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How to Use and Cite Creative Commons Resources

Creative Commons
Internet users who upload their own images, sounds and text are increasingly using the Creative Commons license. A Creative Commons license allows a publisher to indicate how and under what conditions some one else can make use of their content. For example, I can put some pictures on my blog and display a CC license that says:

Creative Commons Attribution

What this means is that some one else visiting my site can use my pictures on their own web site or some other project as long as they properly attribute me as the creator of the work.

If I had displayed a license that said

Creative Commons Attribution-Noncommercial,

then the visitor can only use my images on non-profit projects and he or she will have to attribute me wherever they are using my images.

Resource: Go here for a full list of Creative Commons Licenses and their descriptions.

Example of Creative Commons usage: Images

Images are probably the most important media we all use in our projects and we are constantly looking for interesting images to help us add value to our presentations, papers and lecture notes. is currently the most popular image hosting site and many Flickr users license their images under Creative Commons. Let me demonstrate how we we can:

  1. Search for Creative Commons licensed images on Flickr; and

  2. Cite or attribute the images when we use them in our projects.

Part 1. Finding Creative Commons Licensed images on Flickr

You can only use images from those Flickr members who have decided to offer their work under a Creative Commons license. The images can be used as long as you follow the conditions that the particular license spells out.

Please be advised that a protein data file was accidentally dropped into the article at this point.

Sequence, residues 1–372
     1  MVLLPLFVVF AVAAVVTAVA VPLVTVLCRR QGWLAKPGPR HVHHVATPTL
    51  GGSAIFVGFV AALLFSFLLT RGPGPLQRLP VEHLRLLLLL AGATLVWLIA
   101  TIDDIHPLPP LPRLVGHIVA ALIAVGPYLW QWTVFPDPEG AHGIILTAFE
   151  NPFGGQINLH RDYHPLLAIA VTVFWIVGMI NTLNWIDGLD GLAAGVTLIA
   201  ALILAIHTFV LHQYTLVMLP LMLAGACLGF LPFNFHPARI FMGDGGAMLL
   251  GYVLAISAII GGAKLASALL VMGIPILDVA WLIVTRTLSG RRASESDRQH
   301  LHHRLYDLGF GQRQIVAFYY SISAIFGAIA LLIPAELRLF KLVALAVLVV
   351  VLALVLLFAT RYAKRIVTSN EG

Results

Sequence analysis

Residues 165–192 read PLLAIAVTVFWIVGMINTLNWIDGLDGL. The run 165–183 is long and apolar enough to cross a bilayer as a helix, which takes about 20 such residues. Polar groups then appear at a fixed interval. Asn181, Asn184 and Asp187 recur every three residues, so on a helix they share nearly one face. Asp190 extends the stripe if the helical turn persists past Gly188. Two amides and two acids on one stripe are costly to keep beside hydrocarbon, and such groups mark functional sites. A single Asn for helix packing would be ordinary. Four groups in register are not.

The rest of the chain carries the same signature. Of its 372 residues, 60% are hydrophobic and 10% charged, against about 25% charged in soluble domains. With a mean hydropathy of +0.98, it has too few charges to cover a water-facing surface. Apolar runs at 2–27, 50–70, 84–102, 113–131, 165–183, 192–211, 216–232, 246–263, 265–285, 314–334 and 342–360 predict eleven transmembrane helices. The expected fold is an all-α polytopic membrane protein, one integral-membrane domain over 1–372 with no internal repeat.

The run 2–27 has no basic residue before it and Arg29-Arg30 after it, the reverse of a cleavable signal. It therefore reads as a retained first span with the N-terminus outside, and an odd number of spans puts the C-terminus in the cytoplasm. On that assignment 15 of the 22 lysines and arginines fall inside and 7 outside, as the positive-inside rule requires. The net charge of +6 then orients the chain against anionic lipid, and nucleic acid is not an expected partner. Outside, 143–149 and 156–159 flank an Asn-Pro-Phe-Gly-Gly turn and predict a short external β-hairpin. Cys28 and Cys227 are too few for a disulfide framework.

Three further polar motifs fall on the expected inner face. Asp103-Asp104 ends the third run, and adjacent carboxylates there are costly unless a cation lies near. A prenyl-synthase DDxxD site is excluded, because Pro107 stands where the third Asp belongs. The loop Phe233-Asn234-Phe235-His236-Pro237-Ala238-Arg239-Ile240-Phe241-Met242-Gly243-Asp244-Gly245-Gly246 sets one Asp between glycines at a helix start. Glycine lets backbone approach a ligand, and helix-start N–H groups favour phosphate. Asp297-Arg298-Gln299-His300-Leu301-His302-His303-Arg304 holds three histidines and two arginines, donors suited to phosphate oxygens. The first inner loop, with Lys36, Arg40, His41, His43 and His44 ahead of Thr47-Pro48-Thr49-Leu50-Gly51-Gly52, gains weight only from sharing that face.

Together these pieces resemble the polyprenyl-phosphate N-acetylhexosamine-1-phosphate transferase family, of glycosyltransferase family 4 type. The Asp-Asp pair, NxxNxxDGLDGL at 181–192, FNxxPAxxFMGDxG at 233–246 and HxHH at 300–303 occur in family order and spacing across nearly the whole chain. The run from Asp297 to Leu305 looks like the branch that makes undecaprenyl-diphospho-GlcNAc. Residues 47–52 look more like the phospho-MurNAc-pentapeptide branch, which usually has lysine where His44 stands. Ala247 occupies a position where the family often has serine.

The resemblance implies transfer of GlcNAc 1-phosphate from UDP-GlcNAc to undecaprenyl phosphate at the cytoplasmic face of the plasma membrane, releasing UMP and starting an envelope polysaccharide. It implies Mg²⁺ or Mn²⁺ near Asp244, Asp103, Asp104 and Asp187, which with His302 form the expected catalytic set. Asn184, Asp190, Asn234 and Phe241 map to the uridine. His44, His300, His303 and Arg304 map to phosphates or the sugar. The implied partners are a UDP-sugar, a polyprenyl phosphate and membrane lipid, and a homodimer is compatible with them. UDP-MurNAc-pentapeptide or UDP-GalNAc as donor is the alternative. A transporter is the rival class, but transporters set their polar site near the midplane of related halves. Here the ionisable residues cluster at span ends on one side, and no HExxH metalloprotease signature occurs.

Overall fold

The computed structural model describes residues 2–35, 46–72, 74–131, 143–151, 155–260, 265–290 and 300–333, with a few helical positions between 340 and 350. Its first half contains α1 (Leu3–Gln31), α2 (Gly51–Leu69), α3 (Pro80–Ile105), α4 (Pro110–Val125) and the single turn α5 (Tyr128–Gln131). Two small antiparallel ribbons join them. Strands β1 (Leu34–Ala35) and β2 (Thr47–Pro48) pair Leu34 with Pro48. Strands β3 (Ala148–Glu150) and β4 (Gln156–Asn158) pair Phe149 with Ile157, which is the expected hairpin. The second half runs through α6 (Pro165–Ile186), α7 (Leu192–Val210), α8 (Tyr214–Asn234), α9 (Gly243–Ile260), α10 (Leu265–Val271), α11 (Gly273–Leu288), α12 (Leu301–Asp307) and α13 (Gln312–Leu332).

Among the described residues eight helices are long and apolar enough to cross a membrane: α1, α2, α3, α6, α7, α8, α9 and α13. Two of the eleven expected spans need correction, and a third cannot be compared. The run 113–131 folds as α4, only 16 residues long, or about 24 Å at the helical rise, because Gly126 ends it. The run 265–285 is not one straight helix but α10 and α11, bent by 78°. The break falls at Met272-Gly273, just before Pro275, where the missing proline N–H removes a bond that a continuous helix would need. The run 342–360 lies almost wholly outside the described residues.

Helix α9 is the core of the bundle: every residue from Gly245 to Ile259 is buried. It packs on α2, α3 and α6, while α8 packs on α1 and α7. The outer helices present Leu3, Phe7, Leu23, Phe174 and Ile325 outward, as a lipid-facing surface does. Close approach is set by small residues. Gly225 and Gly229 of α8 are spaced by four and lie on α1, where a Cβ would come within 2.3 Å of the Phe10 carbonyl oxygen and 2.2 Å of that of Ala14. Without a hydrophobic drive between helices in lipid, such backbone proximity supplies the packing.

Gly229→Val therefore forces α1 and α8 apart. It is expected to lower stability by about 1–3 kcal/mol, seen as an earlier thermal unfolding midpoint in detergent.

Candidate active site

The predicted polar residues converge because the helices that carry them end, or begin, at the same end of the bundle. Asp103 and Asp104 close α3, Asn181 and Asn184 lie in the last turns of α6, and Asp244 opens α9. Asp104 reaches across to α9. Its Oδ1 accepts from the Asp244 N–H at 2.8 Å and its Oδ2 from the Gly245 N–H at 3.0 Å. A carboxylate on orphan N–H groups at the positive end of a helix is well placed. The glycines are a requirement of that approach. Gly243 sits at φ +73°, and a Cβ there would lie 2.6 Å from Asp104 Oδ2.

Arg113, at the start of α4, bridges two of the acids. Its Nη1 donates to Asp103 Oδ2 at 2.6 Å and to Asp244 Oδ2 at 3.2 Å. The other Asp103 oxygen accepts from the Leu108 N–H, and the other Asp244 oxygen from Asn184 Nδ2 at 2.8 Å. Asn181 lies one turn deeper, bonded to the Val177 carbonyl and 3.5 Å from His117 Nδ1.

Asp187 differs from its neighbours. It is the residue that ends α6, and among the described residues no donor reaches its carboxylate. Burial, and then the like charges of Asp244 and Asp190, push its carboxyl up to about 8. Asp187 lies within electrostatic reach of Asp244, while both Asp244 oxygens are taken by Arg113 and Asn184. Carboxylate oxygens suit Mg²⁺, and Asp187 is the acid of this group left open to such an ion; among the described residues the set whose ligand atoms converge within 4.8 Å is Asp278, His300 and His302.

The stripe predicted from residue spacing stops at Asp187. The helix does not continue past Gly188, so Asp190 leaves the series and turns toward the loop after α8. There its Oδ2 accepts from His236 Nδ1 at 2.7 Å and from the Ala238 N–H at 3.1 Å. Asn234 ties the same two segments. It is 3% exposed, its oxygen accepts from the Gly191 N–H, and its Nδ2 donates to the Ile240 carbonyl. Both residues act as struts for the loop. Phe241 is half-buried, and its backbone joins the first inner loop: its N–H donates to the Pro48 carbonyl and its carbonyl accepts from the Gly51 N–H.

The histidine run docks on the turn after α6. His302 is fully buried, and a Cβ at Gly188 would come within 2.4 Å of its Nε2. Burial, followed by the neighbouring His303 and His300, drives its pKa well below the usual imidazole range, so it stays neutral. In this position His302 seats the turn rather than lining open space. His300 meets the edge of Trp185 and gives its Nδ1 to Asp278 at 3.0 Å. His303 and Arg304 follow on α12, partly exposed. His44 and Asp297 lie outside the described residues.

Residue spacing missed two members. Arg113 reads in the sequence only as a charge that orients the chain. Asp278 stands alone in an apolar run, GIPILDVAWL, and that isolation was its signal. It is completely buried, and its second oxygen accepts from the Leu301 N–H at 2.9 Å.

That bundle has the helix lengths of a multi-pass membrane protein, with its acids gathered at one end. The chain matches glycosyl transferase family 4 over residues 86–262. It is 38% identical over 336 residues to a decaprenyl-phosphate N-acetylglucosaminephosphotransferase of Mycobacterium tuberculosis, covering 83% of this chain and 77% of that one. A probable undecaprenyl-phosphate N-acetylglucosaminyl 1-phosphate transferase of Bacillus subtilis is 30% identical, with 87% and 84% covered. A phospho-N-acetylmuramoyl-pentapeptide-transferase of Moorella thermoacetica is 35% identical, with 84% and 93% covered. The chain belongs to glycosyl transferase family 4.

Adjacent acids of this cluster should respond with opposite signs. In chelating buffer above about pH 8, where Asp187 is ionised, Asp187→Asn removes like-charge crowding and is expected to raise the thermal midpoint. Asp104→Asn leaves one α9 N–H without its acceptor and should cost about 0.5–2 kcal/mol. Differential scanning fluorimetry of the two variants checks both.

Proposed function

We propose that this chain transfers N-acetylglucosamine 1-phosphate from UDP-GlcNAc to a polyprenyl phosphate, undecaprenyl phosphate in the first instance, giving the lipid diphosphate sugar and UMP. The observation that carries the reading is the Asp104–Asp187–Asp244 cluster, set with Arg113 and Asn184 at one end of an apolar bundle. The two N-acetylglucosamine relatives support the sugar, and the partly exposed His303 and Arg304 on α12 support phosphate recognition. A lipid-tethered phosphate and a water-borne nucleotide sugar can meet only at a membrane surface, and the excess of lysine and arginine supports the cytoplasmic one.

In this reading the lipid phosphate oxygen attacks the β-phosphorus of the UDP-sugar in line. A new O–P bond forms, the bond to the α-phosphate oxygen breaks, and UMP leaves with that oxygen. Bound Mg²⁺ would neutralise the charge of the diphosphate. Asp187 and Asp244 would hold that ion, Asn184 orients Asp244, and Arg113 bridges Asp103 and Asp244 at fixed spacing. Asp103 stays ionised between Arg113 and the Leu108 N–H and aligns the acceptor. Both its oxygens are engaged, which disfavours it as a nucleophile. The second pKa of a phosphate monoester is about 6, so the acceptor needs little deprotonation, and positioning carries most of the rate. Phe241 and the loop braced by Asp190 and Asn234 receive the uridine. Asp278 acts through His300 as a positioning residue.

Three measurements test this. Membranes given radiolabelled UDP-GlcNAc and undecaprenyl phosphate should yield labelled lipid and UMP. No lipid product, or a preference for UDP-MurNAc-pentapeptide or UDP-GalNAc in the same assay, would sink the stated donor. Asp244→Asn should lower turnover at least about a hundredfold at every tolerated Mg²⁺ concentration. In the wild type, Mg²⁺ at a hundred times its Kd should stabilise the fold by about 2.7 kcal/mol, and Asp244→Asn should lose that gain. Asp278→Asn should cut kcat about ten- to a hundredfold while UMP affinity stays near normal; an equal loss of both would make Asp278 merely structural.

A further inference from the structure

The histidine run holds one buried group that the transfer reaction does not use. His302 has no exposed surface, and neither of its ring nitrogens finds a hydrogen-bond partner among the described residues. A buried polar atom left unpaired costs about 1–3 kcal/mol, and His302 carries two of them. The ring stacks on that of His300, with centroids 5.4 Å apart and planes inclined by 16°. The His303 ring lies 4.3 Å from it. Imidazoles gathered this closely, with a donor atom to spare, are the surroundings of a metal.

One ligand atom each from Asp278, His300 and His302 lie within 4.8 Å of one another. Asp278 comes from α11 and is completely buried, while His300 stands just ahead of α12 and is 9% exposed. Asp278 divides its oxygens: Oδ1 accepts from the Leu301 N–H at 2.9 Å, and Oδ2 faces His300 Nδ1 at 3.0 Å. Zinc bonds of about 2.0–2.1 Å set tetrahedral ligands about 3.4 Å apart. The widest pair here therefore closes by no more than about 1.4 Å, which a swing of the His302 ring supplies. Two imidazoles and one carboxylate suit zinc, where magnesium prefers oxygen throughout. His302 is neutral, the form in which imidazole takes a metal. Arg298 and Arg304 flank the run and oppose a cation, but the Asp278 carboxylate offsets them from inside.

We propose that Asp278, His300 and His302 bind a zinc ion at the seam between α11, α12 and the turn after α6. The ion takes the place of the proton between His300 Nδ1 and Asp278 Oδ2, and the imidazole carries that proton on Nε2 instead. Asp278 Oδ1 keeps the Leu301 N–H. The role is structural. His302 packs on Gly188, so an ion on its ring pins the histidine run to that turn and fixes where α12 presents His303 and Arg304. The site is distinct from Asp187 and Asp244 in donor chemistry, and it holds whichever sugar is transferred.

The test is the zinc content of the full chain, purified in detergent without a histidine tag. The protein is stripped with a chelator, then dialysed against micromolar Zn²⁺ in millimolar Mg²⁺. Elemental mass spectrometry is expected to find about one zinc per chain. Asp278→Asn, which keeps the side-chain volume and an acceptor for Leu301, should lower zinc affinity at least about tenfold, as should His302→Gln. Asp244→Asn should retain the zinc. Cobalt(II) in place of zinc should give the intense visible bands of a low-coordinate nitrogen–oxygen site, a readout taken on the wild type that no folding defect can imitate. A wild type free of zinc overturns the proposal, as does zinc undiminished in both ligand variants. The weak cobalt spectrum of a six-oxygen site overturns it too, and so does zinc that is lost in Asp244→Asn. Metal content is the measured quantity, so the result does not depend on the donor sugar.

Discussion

The easiest license to use is the Attribution license. Images licensed under Attribution can be used anywhere as long as you attribute the publisher. Do note however that if the image features people, you might not want to use it out of context (for example in a commercial that is endorsing a product). Such use may require you to get a model release from the people appearing in the picture.

Resource: Go here for Flickr images under Attribution license.

You will see a search facility on the page. Let's say I want to find a picture for an article I am writing about food in the Kagoshima area in Japan. I will search using the keywords "Kagoshima Food".

Flickr will show you all the images matching your keyword.

Click on the picture you like. In my case, I clicked on the second image. This will take me to the page containing that image:

Note the name of the publisher. This is shown on the right hand side and reads like this:

"Uploaded on September 29, 2005 by naotakem"

Keep a record of this publisher information. Also include the title of the image. "Hirame Sashimi"

To download the image, look for a button called "All Sizes" above the image.

Click on that button and Flickr will give you a choice of image sizes. Choose a size and click on the download link just above the picture.

Also, some Flickr members use a user name. You can click on the user name and go to a page that displays the profile of the user. Here you can find the full name of the user. Note down this name too. If the user has not published his/her full name, note down the user name.

In this case, the user's full name is Naotake Murayama

Part 2: Using the image and properly crediting (attributing) it

If you are using it on a print document attribute it in the following format:

publisher name, photo title, date uploaded via Flickr, Creative Commons License

This attribution appears just below the picture, wherever you are using it.

For example the Kagoshima food picture I downloaded will be attributed as:

Naotake Murayama, "Hirame Sashimi" September 29, 2005 via Flickr, Creative Commons Attribution.

If you are using the image on a website, it is preferable to put the link to the original image. My citation will then look like:

Naotake Murayama, "Hirame Sashimi" September 29, 2005 via Flickr, Creative Commons Attribution.

(via Jessica Coates, see comments below)

Other Creative Commons Media Sources

You can use this Creative Commons search facility to easily find music (from Owl), video (from, assorted media from SpinXpress, Flickr images and Google & Yahoo searches.


Educators need to respect the copyright of others. However, the Creative Commons license allows us to use images, video or audio created by others, as long as we respect the requested attribution indicated on the Creative Commons license.


Preetam Rai

By Preetam Rai, technology trainer at Teaching and Learning Centre, Ngee Ann Polytechnic.